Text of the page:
As we did last year, we shall divide them in three groups: seven countries with density between 0.1 and 1.4 hosts per thousand inhabitants; five between 0.01 and 0.08; five that are almost totally isolated.

The green slice of bars in both charts is the increase in a year.

Seven low-density countries

Internet hosts per 1000 inhabitants – density between 0.1 and 1.4 – analysis on data by Network Wizards


We see some remarkable changes in this group. Brazil and Mexico have overtaken Russia. Three of these countries are above the world average (0.8) and have passed the 1 per thousand level.

There is a big difference between these and the more advanced countries; but there' another large gap between this group and the one that follows.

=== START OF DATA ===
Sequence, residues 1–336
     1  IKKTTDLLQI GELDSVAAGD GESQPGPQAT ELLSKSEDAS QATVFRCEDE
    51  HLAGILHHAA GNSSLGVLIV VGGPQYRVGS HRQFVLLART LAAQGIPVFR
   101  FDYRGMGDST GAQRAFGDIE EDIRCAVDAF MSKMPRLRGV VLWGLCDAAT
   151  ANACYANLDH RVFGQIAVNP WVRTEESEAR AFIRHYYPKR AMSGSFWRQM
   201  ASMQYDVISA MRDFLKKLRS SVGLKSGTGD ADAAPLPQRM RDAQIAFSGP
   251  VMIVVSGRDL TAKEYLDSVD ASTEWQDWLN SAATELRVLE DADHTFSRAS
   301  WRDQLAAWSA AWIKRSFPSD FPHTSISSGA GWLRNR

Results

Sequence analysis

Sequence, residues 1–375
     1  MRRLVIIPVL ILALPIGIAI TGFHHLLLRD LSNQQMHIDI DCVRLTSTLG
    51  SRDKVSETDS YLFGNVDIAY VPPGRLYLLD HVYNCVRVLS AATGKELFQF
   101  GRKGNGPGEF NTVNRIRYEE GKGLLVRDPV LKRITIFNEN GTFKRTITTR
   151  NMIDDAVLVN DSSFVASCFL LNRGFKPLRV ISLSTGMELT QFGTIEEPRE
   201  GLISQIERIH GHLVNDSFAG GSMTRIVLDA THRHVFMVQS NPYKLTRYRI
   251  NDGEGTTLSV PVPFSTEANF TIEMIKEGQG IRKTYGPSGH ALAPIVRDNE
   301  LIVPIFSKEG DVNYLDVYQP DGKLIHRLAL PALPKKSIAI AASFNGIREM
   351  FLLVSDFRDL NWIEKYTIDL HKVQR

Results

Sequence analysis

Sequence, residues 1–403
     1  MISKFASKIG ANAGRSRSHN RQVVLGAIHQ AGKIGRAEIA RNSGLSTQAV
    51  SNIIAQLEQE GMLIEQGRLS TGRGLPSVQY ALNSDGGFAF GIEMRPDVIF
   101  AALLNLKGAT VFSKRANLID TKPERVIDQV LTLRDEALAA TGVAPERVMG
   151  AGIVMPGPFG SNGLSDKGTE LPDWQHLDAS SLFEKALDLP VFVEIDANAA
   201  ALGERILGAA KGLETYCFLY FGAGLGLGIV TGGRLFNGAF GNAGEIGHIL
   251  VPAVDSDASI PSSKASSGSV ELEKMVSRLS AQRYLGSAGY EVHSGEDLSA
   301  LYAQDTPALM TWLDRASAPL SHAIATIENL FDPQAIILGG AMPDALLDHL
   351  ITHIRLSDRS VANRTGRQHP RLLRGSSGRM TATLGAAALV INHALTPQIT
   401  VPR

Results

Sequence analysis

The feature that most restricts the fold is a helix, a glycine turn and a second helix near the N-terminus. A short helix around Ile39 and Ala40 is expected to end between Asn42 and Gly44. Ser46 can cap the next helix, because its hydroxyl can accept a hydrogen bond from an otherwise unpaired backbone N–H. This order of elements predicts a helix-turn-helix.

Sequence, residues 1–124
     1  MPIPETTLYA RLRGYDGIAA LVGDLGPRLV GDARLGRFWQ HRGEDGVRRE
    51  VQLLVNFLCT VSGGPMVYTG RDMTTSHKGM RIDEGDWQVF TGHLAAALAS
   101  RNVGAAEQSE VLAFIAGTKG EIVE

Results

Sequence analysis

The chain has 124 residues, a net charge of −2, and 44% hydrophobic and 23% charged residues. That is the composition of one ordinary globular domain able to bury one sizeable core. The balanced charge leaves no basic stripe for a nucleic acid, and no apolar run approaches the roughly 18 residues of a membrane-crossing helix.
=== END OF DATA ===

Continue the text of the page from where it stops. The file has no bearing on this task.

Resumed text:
Five "very low density" countries

Internet hosts per 1000 inhabitants - density between 0.01 and 0.08 - analysis on data by Network Wizards

The yellow part of the bar is the density in China if we include Hong Kong.


Here again, the picture is changing. Indonesia is growing faster than the world average; if this trend continues, it could move into the "not very low density" group. We see some growth in the Indian "sub-continent", though the numbers are still very small; no relevant results, yet, of the commitment made a year ago by India's government to expand use of the internet. However Pakistan has overtaken China (of we don't consider the annexation of Hong Kong) and India could soon do the same.

Of course, as we know, there is a widespread presence in the net of Chinese people living outside mainland China (where there are severe restrictions on the use of all communication tools). It's not easy to estimate the size of that presence, but it's reasonable to assume that it could be the equivalent of 500,000 internet hosts. Small if compared to the US or Europe, but quite relevant.